Saving money on electricity at home is pretty easy — turn the lights off when you leave the room and you're guaranteed to cut your bill by a substantial amount. But the difficulty in controlling energy costs increases exponentially as the number of people responsible for turning off those lights increases. When you live by yourself, it's easy. The only person accountable to you is…you. But if you're married with kids, you could spend all of your free time following your kids around the house turning off the lights they leave on.
Now take that problem and multiply it by 100. No facilities manager for an office or plant that supports several hundred employees can possibly be expected to monitor every light in the building, especially with people coming and going at all times of the day. But with several states imposing power budget requirements and control specifications, letting people get away with leaving the lights on isn't an option. California, the nexus of penny-pinching energy laws, recently passed Title 24, which requires any commercial building larger than 5,000 sq ft to have provisions for automatically turning off lighting when specified spaces are unoccupied.
Laws like Title 24 come about for good reason. It's estimated that about half of the load in a retail or commercial facility can be attributed to lighting. According to a report by the American Council for Energy-Efficient Economy, a better design that incorporates improved fixtures can reduce lighting demand in new buildings by 25% or more.
But a good design and fancy fixtures will only get you so far. As with almost every other problem that arises in our increasingly technology-based society, the answer to energy efficiency is automation. It wasn't long ago that the typical facility's lighting control system was a much more hands-on process. If you didn't turn it off manually, it was going to stay on. Modern lighting control systems take that responsibility away from the person in the room, though, and place it in the capable — if not always reliable — hands of an electronic device.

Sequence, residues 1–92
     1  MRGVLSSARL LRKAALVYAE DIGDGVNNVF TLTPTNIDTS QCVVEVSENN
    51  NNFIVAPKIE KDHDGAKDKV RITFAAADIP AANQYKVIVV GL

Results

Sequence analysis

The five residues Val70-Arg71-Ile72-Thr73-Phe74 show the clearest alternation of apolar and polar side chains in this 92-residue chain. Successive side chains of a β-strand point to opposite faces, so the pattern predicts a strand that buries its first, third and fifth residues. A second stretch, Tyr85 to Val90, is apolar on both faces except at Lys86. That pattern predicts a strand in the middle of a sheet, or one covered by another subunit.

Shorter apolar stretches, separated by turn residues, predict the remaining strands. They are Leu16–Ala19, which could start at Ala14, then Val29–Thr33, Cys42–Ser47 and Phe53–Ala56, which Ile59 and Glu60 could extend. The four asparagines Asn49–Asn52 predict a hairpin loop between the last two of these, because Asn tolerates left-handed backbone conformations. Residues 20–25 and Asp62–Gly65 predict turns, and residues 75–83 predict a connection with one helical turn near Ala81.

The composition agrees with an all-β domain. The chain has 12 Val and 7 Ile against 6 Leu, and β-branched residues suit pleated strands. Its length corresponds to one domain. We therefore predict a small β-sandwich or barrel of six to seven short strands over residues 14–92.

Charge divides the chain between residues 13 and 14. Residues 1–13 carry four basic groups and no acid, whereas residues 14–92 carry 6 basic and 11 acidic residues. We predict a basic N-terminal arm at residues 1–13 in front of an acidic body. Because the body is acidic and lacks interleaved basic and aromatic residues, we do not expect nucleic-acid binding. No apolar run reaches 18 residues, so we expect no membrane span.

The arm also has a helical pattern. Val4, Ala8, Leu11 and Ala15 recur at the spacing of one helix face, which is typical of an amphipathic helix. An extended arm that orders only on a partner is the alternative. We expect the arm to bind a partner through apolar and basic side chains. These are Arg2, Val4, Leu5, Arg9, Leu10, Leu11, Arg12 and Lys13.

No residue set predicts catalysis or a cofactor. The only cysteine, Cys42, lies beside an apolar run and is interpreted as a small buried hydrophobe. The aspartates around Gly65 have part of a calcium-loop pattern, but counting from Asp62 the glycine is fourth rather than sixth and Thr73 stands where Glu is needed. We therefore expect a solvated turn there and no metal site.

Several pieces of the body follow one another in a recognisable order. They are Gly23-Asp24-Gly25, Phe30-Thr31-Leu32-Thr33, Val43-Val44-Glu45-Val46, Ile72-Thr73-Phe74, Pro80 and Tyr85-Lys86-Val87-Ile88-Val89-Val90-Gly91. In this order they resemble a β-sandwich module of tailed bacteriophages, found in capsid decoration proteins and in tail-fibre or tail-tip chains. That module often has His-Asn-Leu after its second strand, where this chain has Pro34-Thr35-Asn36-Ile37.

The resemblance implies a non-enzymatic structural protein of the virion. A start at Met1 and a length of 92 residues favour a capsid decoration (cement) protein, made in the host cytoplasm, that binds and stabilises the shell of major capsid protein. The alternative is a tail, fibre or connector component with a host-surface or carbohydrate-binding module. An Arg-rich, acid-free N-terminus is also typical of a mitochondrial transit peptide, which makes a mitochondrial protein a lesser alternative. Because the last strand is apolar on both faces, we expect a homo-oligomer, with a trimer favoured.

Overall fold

Fumbling in the dark to switch on the light when you enter a room is becoming as passé as changing the channel on a TV without a remote. Modern occupancy-based sensors will detect your presence and turn on the lights necessary to get you where you need to go. Leave the room for a pre-set amount of time and they'll figure out you're gone and turn off the lights. It's almost creepy.
For those who don't like the idea that their lights are watching them, time switches are also available for controlling entire branch lighting circuits. These schedule-based devices will activate lighting fixtures at pre-set time intervals, spreading automatic control to larger sections of the facility.
But it's not possible to do justice to the wonders of modern lighting control in just a few short paragraphs. Senior Editorial Consultant Joe Knisley, our resident expert on all things lighting, takes a closer look at the options available to today's facilities managers in this month's cover story on page 48. It's never been this easy to turn the lights on when they need to be on and keep them off when no one's around — even when you lived by yourself.